The authors found a higher rate of high-magnitude impacts during games than during practice sessions for both teams. Nevertheless, practice sessions occur more frequently than games, and thus subject players to more opportunities to receive head impacts. Twice as many high-magnitude head impacts occurred in Senior team members than in Junior team players. The researchers state that differences in age and weight alone cannot explain this difference. Video data indicated that practice intensity or coaching style may be another factor in this difference. This factor could be a focus of future studies.
When asked about the study, senior author Steven Rowson, PhD, said, "This study builds on a growing body of research on head impact exposure in youth football. These studies are important because they allow you to make data-driven decisions when structuring changes to practice in football to reduce exposure to head impact. Purposeful reduction of exposure means less opportunity for concussion and a reduction in any potential consequences of cumulative exposure."
Detailed findings of this study can be found in the following article: Campolettano ET, Gellner RA, Rowson S. High-magnitude head impact exposure in youth football. Journal of Neurosurgery: Pediatrics, published online, ahead of print, October 17, 2017; DOI: 10.3171/2017.5.PEDS17185 (http://www.thejns.org/doi/full/10.3171/2017.5.PEDS17185).
Funding: Research reported in this paper was funded by National Institute of Neurological Disorders and Stroke Grant No. R01NS094410.
Disclosure: The authors report no conflict of interest concerning the materials or methods used in this study or the findings specified in this paper.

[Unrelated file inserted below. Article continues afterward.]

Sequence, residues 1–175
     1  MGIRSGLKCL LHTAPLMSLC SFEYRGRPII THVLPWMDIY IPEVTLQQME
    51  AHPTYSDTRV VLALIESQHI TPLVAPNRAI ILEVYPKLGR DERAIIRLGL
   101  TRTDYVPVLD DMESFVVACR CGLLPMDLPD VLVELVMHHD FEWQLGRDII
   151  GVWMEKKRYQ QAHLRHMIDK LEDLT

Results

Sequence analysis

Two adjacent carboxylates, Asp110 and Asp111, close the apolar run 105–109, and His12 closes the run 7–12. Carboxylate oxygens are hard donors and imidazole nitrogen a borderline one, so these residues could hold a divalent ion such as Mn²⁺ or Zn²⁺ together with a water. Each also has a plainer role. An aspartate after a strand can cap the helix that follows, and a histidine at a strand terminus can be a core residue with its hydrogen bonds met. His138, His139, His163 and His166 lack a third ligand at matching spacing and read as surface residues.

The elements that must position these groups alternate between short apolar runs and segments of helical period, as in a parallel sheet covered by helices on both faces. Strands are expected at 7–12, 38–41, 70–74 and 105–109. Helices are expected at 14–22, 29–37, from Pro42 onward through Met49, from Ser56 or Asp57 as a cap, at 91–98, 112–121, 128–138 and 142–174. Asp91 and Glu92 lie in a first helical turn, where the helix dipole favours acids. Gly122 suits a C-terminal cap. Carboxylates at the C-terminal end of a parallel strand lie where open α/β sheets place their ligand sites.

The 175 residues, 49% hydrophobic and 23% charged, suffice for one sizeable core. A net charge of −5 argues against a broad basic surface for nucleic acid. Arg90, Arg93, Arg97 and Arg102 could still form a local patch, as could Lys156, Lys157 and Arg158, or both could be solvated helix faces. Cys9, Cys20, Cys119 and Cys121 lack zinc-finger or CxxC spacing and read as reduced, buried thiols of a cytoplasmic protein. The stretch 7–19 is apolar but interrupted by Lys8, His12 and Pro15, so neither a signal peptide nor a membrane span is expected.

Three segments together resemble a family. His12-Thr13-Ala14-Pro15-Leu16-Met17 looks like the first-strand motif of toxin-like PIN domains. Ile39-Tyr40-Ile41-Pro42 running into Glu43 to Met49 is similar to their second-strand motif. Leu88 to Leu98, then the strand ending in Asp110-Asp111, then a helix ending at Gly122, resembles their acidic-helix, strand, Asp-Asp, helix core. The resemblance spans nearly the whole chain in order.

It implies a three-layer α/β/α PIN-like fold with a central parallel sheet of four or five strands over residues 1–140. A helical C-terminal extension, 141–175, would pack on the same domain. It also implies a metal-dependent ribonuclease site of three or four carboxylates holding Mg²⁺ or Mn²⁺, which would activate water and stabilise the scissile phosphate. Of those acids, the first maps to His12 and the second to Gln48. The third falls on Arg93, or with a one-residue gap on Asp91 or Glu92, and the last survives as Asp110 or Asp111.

For additional information, please contact: Ms. Jo Ann M. Eliason, Communications Manager, Journal of Neurosurgery Publishing Group, One Morton Drive, Suite 200, Charlottesville, VA 22903. Email: [email protected] Phone: 434-982-1209
The Journal of Neurosurgery: Pediatrics is a monthly peer-reviewed journal focused on diseases and disorders of the central nervous system and spine in children. This journal contains a variety of articles, including descriptions of preclinical and clinical research as well as case reports and technical notes. The Journal of Neurosurgery: Pediatrics is one of four monthly journals published by the JNS Publishing Group, the scholarly journal division of the American Association of Neurological Surgeons. Other peer-reviewed journals published by the JNS Publishing Group each month include the Journal of Neurosurgery, Neurosurgical Focus, and the Journal of Neurosurgery: Spine. All four journals can be accessed at http://www.thejns.org.
Founded in 1931 as the Harvey Cushing Society, the American Association of Neurological Surgeons (AANS) is a scientific and educational association with more than 8,300 members worldwide. The AANS is dedicated to advancing the specialty of neurological surgery in order to provide the highest quality of neurosurgical care to the public. All active members of the AANS are certified by the American Board of Neurological Surgery, the Royal College of Physicians and Surgeons (Neurosurgery) of Canada, or the Mexican Council of Neurological Surgery, AC. Neurological surgery is the medical specialty concerned with the prevention, diagnosis, treatment and rehabilitation of disorders that affect the entire nervous system including the brain, spinal column, spinal cord, and peripheral nerves. For more information, visit http://www.AANS.org.
Jo Ann M. Eliason